South Philly Community Group Rallies Against Moving Parx Gambling Outlet To Chickie’s & Pete’s

Written By Kevin Shelly on April 6, 2021

As diners in Phillies jerseys streamed into a packed Chickie’s & Pete’s sports bar in South Philly on the same night as the televised men’s March Madness final, a civic association rallied in the parking lot at 15th Street and Packer Avenue.

A crowd of 65 organized by the Packer Park Civic Association listened as its president, Barbara Capozzi, and their lawyer, Paul Boni, traded off on the bullhorn. Still, their spiels appeared to have little effect on those heading inside to eat or drink while watching sports.

Against moving Parx gambling outlet moved to restaurant location

The group is fighting to prevent zoning approval for Parx Casino to move sports betting and pari-mutuel operations of the South Philly Turf Club from 7th and Packer to the residential area a few blocks away.

The current location for the off-track betting outlet sits in the shadow of the newly-opened Live! Casino Philadelphia. The Turf Club and other Parx OTB outlets are either struggling or have closed.

The civic group labeled the proposal to make a 2,607 square-feet portion of the existing Chickie’s & Pete’s restaurant into a “high-tech predatory gambling operation,” which they claimed would increase crime and addiction. They also say the plan is fueled by the “greed” of C&P’s owner, Pete Ciarrocchi.

Chickie’s & Pete’s partnering with Parx for several gambling outlets

Chickie’s & Pete’s has 17 locations, including a spot inside Parx Casino in Bensalem, where a race track and pari-mutuel racing venue also operate. C&P’s has offered horse wagering for several years at a location in Egg Harbor Township, New Jersey and the chain hopes to make additional Pennsylvania locations into outlets featuring OTB and sports betting.

Sean McGranaghan, the South Philly location’s general manager, watched the demonstration, unfazed, as a server passed out Crab Fries, the restaurant’s signature dish, in the parking lot.

Parx went almost unmentioned by the group.

Should the proposal win zoning approval, the group threatened a boycott of the restaurant chain.

Philly zoning approval still pending for gambling outlet

The zoning board has taken hours of testimony already during three previous meetings. The next meeting happens on May 18 at 10 a.m.

The board has already rejected advice from the city’s Law Department to require a variance approval. As a result, the city’s own lawyers may challenge the zoning board’s decision.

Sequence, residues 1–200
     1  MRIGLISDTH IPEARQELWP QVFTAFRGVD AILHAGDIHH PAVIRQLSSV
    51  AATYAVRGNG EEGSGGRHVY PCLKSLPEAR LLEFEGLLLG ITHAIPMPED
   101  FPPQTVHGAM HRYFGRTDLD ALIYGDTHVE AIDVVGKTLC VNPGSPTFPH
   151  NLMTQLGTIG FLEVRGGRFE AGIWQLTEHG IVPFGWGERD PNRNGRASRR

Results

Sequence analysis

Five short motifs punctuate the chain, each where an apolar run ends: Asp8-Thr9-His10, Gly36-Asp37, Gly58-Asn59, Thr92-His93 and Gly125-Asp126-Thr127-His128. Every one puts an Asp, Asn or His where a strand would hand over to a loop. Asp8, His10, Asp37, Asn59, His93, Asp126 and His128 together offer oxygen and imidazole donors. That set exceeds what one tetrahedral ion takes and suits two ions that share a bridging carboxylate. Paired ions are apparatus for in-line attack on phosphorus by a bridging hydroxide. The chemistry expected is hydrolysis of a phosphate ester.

The city’s zoning code requires a location to hold a casino license to operate sports gambling, said a city lawyer.

Does a legal gambling outlet in Philly need to be a casino?

City attorney Leonard Reuter said that’s because the city’s zoning law language varies from the wording of state gaming regulations. He further suggested current Turf Club operations may not be legal since there was no zoning review for betting there. Sports wagering began there two years ago.

The Turf Club property is up for sale, and potential buyers include a sports team and Live!

Racing Commission also still required

The Pennsylvania Horse Racing Commission must also approve the move.

Petitions seeking the changes expressly asked the commission to approve the requests “on an expedited basis” and “without requiring a written public comment period or public comment hearing.”

Three off-track betting sites tied to Parx had quietly sought permission to relocate the licenses. The two additional suburban Philly sites include:

  • Upper Darby in Delaware County
  • Montgomery County (The Oaks)

To date, approvals remain pending.

According to a spokesman for the Pennsylvania Gaming Control Board, approval to move horse racing automatically allows an applicant to add sports wagering. The PGCB’s sole role is to test and approve sports betting systems and technology.

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Kevin Shelly

Kevin C. Shelly is an award-winning career journalist who has spent most of his career in South Jersey. He's the former assistant city editor of The Press of Atlantic City, where he covered the casino industry and Atlantic City government as a reporter. He was also an investigative, narrative enterprise, and features reporter for Gannett’s Courier-Post.

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